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Colombian Congress Debates New Bill That Decriminalizes Cocaine and Marijuana Cultivation

The United States have spent billions on coca plant busts; if passed, the bill would eliminate the threat of prison for illicit crop production in Colombia.
 
 
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A bill before the Colombian congress would decriminalize the cultivation of coca and marijuana in a bid to drive down raw drug prices and encourage peasant farmers to grow other crops. The bill is expected to be debated in the congress in coming days.

Colombia and Peru are the world's largest coca (and cocaine) producers, with Bolivia in third place. In both Peru and Bolivia, national laws allow for some legal coca cultivation, although illicit cultivation also occurs. There is no legal coca cultivation in Colombia, where the government and the United States have spent billions of dollars trying to eradicate coca crops.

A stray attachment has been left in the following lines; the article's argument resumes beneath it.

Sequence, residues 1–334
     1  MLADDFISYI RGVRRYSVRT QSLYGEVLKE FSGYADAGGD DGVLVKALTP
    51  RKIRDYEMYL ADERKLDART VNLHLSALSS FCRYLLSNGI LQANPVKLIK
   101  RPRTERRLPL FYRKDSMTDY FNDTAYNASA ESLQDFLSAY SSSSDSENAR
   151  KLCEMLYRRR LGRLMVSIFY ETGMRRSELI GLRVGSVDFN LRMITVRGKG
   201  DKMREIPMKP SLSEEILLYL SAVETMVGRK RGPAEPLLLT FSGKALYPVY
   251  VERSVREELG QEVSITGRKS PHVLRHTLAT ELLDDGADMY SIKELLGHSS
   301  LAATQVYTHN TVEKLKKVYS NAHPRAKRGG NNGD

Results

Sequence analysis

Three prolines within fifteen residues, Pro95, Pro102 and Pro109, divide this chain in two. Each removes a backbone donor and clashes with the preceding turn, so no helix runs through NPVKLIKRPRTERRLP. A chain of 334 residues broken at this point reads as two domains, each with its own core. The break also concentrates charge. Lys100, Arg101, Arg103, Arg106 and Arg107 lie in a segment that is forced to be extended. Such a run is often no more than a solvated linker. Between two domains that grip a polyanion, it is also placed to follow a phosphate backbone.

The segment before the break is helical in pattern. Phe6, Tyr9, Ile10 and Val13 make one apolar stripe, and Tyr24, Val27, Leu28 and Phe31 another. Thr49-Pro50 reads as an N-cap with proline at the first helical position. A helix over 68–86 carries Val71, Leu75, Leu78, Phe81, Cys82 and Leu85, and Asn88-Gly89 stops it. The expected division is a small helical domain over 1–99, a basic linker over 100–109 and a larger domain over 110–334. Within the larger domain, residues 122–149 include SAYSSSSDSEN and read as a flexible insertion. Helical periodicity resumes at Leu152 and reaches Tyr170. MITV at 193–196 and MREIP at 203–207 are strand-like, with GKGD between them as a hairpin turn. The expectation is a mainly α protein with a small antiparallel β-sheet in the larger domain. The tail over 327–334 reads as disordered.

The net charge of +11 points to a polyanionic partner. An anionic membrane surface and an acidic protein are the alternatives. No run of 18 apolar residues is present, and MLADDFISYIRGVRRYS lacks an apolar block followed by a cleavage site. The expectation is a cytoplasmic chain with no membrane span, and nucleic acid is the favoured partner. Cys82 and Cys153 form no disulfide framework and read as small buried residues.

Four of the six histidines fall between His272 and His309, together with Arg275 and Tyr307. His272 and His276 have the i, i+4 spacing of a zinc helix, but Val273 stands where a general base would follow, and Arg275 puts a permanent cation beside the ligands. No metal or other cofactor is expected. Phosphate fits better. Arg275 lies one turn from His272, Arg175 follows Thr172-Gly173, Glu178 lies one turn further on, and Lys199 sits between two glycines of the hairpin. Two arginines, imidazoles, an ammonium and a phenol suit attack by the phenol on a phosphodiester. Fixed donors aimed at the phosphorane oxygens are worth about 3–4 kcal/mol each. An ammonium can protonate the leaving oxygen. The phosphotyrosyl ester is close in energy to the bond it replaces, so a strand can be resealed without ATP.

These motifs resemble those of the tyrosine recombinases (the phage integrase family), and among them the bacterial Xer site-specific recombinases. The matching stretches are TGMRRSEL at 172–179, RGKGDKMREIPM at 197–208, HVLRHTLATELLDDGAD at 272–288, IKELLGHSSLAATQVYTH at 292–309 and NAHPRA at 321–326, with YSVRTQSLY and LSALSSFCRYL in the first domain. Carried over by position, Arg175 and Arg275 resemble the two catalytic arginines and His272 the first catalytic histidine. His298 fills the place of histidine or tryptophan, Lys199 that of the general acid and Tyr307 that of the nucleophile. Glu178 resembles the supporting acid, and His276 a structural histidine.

Introduced by Liberal Party Congressman Hugo Velasquez and cosponsored by seven other solons, the bill would eliminate the threat of prison for illicit crop production.

"Let's see how well the laws of the market work," said Velasquez, who represented the coca-growing province of Meta. "If there's excessive production due to the lack of criminal penalties, surely the market will depress the price. We have to tell the United States and other consumers that Colombia has already paid enough, mostly in blood", he added in  remarks reported by the BBC. "It hasn't worked. It's time to change the strategy."

But the government of President Juan Manuel Santos, who in recent months has frequently called for debate on alternatives to drug prohibition, has signaled that it opposes the bill. Justice Minister Juan Carlos Esguerra said such a bill would violate international drug treaties.

"We have to be particularly prudent and careful," he said.

The bill is unlikely to pass, but should help focus the attention of hemispheric leaders heading to Colombia in April for the OAS Summit of the Americas. Drug policy reform has been a hot topic in the region this year, and the bill will help keep it in the news.

 

Phillip Smith is an editor at DRCNet.